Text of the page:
The book is written by Robert Munsch. Tragically, the refrain (which should be sung) was initially written for his two stillborn children. Yet – what a beautiful and poignant way to honour their short lives.

Robert Munsch is right up there on the list of people I would love to share a cuppa with. Yes, I would brew some special darjeeling for you, Robert.

I hope you enjoy this story as much as we do.

loveyouforever

A mother held her new baby and very slowly rocked him back and forth, back and forth, back and forth. And while she held him, she sang:

I’ll love you forever,

I’ll like you for always,

As long as I’m living my baby you’ll be.

The baby grew. He grew and he grew and he grew. He grew until he was two years old, and he ran all around the house. He pulled all the books off the shelves. He pulled all the food out of the refrigerator and he took his mother’s watch and flushed it down the toilet. Sometimes his mother would say, “this kid is driving me CRAZY!” But at night time, when that two-year-old was quiet, she opened the door to his room, crawled across the floor, looked up over the side of his bed; and if he was really asleep she picked him up and rocked him back and forth, back and forth, back and forth. While she rocked him she sang:

I’ll love you forever,

I’ll like you for always,

As long as I’m living my baby you’ll be.

The little boy grew. He grew and he grew and he grew. He grew until he was nine years old. And he never wanted to come in for dinner, he never wanted to take a bath, and when grandma visited he always said bad words. Sometimes his mother wanted to sell him to the zoo! But at night time, when he was asleep, the mother quietly opened the door to his room, crawled across the floor and looked up over the side of the bed. If he was really asleep, she picked up that nine-year-old boy and rocked him back and forth, back and forth, back and forth. And while she rocked him she sang:

I’ll love you forever,

I’ll like you for always,

As long as I’m living my baby you’ll be.

The boy grew. He grew and he grew and he grew. He grew until he was a teenager. He had strange friends and he wore strange clothes and he listened to strange music. Sometimes the mother felt like she was in a zoo! But at night time, when that teenager was asleep, the mother opened the door to his room, crawled across the floor and looked up over the side of the bed. If he was really asleep she picked up that great big boy and rocked him back and forth, back and forth, back and forth. While she rocked him she sang:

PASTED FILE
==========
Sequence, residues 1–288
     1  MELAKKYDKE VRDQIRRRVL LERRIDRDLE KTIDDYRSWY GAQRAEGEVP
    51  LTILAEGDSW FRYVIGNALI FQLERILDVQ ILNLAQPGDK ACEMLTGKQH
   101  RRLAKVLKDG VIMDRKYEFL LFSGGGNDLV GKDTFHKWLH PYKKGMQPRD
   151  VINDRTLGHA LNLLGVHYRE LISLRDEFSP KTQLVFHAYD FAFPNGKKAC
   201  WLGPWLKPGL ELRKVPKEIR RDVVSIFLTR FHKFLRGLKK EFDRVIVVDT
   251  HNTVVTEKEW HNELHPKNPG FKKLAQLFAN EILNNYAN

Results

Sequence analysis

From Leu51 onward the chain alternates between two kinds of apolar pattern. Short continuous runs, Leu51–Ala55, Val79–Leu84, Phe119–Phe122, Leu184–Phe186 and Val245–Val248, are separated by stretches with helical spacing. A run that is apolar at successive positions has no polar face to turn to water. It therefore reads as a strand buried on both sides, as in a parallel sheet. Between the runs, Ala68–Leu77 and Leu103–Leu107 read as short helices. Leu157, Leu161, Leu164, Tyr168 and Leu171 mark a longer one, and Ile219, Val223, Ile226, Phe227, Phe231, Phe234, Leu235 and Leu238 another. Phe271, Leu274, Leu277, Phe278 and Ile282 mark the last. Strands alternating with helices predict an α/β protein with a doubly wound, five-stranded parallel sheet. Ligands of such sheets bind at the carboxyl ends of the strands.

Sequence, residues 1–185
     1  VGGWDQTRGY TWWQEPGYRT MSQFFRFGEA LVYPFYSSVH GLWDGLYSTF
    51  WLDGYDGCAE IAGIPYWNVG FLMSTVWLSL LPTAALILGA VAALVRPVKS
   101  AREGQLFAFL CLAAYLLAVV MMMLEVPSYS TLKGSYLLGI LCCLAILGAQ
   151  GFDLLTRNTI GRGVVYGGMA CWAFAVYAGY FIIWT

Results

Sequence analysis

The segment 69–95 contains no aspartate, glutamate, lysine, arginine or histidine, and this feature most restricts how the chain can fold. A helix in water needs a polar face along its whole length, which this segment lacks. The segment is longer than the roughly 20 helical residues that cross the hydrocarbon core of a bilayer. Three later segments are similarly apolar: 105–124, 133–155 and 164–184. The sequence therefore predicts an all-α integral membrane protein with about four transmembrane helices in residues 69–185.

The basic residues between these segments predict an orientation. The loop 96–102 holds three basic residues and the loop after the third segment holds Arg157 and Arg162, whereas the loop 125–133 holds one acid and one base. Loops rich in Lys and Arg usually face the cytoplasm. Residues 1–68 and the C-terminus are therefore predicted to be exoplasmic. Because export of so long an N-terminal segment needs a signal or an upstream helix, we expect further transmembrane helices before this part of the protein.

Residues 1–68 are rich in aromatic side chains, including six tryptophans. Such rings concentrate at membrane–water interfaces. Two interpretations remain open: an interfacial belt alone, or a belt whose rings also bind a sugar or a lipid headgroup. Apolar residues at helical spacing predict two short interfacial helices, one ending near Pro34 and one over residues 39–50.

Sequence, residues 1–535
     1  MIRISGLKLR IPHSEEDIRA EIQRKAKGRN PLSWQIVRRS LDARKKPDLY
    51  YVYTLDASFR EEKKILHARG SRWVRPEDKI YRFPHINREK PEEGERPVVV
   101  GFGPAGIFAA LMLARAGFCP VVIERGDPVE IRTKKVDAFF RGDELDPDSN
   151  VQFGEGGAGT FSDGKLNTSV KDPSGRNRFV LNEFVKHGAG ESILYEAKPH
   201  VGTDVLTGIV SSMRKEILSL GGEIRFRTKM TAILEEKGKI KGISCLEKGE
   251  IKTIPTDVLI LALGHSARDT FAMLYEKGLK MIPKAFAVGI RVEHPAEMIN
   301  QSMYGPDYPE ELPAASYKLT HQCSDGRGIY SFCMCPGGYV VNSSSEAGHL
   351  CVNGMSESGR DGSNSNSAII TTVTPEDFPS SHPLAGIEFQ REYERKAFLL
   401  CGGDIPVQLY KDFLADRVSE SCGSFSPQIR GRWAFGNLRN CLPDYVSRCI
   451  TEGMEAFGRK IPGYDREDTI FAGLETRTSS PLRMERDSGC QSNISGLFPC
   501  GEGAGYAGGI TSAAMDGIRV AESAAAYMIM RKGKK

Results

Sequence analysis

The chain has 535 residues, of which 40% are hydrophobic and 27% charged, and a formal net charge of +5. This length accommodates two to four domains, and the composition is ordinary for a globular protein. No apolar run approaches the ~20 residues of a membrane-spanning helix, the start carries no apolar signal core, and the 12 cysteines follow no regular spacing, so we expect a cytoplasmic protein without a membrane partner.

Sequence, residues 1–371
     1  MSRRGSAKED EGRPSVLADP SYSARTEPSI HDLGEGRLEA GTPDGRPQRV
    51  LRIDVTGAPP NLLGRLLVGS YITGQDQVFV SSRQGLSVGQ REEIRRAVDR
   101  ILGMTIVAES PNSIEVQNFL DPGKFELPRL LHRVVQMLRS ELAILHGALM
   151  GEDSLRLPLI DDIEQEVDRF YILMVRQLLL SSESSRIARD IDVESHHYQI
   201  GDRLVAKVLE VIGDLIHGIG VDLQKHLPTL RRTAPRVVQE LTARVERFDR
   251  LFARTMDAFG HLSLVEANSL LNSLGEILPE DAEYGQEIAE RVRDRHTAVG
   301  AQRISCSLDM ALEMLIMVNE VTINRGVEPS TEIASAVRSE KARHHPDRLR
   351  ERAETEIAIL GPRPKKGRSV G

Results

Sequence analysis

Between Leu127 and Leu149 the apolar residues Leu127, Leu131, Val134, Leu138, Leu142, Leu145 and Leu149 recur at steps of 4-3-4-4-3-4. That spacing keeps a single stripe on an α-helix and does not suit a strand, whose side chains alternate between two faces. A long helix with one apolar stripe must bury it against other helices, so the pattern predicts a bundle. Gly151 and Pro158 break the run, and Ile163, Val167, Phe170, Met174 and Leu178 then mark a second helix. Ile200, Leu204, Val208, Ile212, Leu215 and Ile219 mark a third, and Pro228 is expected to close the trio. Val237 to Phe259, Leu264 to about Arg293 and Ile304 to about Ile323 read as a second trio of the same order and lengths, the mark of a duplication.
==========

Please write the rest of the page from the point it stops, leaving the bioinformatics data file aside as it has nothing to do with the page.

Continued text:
I’ll love you forever,

I’ll like you for always,

As long as I’m living my baby you’ll be.

That teenager grew. He grew and he grew and he grew. He grew until he was a grown-up man. He left home and got a house across town. But sometimes on dark nights the mother got into her car and drove across town. If all the lights in her son’s house were out, she opened his bedroom window, crawled across the floor, and looked up over the side of his bed. If that great big man was really asleep she picked him up and rocked him back and forth, back and forth, back and forth. And while she rocked him she sang:

I’ll love you forever,

I’ll like you for always,

As long as I’m living my baby you’ll be.

Well, that mother, she got older. She got older and older and older. One day she called up her son and said, “You’d better come see me because I’m very old and sick.” So her son came to see her. When he came in the door she tried to sing the song. She sang: I’ll love you forever, I’ll like you for always… But she couldn’t finish because she was too old and sick. The son went to his mother. He picked her up and rocked her back and forth, back and forth, back and forth. And he sang this song:

I’ll love you forever,

I’ll like you for always,

As long as I’m living my Mommy you’ll be.

When the son came home that night, he stood for a long time at the top of the stairs. Then he went into the room where his very new baby daughter was sleeping. He picked her up in his arms and very slowly rocked her back and forth, back and forth, back and forth. And while he rocked her he sang:

I’ll love you forever,

I’ll like you for always,

As long as I’m living my baby you’ll be

Edited to add: If you want to hear Munsch narrating the story, check out his website.